TOPIC: Bihar tragedy: Reasons behind
Topic in syllabus: General studies 1 :Indian Society
Why In news:
While Bihar loses hundreds of children to AES(Acute Encephalitis Syndrome) every year, there were sharp spikes in 2012 and 2014, when 395 and 372 children, respectively, lost their lives. Through the years, AES cases have been reported from several districts in Bihar: Gaya, Patna, Aurangabad, Saran, East Champaran, Sitamarhi and Vaishali.
Encephalitis refers to an inflammation in the brain due to a viral or bacterial attack. It causes fever and almost never a drop in blood sugar. In the current epidemic, as well as in previous ones in Muzaffarpur, the doctors have marked cases of and deaths by hypoglycaemia (drop in blood sugar), which is unusual.
Ongoing heat wave:
It could be the ongoing heatwave — several parts of Patna, Gaya and even Muzaffarpur have recorded temperatures in excess of 4-5°C over what’s normal for this time of the year. At least 80 people have succumbed to the heatwave. The added heat and humidity could have made young children particularly susceptible to dehydration.
Debating the litchi link:
Spike in AES cases and in fatalities can be a result of malnourished children suffering brain damage after eating litchis, particularly unripe or overripe ones.
In 2016, a detailed investigation, published in The Lancet Global Health by the National Centre for Disease Control, India, and the U.S. Centers for Disease Control and Prevention, found “confirmation” that litchis contained a chemical called methylene cyclopropyl glycine (MCPG). These are naturally occurring toxins that cause hypoglycaemia and metabolic derangement in children.
When a child is malnourished, her body, having exhausted its reserves of glucose from the digestive tract and the liver, typically turns to fatty acids in biochemical desperation to supply blood sugar to the brain. MCPG, the theory goes, blocked this mechanism. This can send the brain into hypoglycaemic shock triggering convulsions and, if unaddressed, even death.
Virus or biological agent:
Several parents of the ailing children have been categorical that their children did not eat litchis. If malnutrition and litchi consumption were the causes, then there ought to have been a fairly constant number of deaths every year. This has not been observed.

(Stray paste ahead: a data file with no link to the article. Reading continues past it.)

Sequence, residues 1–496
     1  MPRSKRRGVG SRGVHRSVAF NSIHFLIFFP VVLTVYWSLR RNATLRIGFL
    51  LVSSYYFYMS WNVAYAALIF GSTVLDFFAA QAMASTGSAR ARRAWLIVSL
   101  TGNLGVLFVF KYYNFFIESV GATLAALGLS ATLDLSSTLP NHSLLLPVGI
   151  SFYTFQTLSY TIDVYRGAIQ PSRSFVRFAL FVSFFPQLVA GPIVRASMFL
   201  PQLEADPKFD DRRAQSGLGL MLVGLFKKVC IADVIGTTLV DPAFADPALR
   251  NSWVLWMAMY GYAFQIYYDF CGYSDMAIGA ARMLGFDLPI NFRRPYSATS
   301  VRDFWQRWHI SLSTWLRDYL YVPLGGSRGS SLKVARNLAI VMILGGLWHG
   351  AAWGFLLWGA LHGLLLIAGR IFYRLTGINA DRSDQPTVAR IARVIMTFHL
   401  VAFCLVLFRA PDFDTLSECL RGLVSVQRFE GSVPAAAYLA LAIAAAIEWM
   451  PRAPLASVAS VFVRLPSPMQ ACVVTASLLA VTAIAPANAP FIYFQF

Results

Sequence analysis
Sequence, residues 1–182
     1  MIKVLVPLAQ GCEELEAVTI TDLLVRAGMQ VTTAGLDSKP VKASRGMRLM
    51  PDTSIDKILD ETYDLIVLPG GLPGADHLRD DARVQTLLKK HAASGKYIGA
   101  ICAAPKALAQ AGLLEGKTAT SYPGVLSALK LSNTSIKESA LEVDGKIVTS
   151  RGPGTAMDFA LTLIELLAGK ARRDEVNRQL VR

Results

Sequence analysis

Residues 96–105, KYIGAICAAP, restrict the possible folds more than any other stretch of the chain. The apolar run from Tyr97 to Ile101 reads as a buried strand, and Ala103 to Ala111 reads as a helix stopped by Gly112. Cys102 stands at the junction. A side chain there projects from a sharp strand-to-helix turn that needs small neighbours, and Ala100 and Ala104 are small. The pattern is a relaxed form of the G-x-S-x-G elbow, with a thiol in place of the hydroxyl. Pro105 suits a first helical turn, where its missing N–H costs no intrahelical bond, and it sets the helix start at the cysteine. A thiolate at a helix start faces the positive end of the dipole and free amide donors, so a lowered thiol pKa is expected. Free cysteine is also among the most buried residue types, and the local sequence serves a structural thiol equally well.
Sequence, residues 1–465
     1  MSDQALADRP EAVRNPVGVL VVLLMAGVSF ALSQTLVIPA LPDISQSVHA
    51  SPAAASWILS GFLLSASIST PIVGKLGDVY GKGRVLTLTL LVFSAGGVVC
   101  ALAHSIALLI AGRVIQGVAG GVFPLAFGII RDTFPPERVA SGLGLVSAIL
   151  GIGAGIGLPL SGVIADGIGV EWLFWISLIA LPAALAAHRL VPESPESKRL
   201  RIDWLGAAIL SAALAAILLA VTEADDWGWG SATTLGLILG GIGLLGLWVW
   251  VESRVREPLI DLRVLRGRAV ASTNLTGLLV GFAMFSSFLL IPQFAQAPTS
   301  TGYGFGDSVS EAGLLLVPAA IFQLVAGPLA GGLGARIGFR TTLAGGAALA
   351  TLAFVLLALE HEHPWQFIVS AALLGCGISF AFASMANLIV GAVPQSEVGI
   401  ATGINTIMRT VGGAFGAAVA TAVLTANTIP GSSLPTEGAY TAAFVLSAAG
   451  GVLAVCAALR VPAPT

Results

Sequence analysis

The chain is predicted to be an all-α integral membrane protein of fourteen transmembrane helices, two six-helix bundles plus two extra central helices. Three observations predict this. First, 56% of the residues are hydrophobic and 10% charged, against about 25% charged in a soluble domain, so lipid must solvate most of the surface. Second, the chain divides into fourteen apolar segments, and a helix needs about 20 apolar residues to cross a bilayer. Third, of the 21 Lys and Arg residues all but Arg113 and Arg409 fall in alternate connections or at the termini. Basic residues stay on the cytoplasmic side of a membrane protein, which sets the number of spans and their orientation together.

“A peak and an ebb in cases and deaths is what we see. And that’s more typical of a biological agent.”
Poor health record:
Irrespective of whether a biological agent or malnutrition is to blame, Bihar’s poor track record in ensuring that the poorest have access to adequate nutrition and distrust in the public health care system are major causes for the deaths.
- Doctors in several primary health care centres are “afraid” of doing anything beyond the bare minimum to rescue a child. “Because the primary health care centres and health centres are located in a village or community, there’s a greater chance of violence in case a child dies. Over the years, this has led to a lack of trust among people in their nearest health facility and they opt for tertiary care.
- Bihar’s position at the bottom of national health indices makes novel diseases harder to detect and known diseases harder to treat.
According to the National Family Health Survey (NFHS) of 2015-2016, 48% of children in Bihar were stunted, compared to the national average of 38%.
Bihar also performed poorly in terms of its ability to spend and implement schemes that provided nutritious food to children and expectant mothers.
Two-thirds of eligible children did not get healthy meals, the NHFS report noted.
In 2016, a government-constituted committee prescribed guidelines:
- Children shouldn’t be allowed to skip their evening meal, they should avoid stepping out in the heat.
- Local public healthcare centres must stock up on anti-convulsion drugs as well as dextrose.
These were adhered to in 2017 and 2018. And that’s why there were relatively fewer reports of AES.
Treating it as a disaster:
The NDMA (National Disaster Management Authority) which was set up in 1999 has its brief to co-ordinate the response to “man-made and natural disasters”. Muzaffarpur is facing a disaster which is partly natural and certainly aggravated by being man-made. But it does not qualify. “Disaster”. Floods and earthquakes elicit immediate response, but not long epidemics or drought. Muzaffarpur is a national tragedy, as much as the Gujarat earthquake was, or the Kerala floods and it should be treated as one.
The debate on the underlying reason for so many deaths is an ongoing one. With a spike in deaths every year it is clear that the State has failed Muzaffarpur’s children.
It is time a scientific study is carried out and steps be taken accordingly.
Bihar loses hundreds of children to AES (Acute Encephalitis Syndrome) every year. Discuss the possible reasons behind. Also comment on the challenges involved in tackling the issue.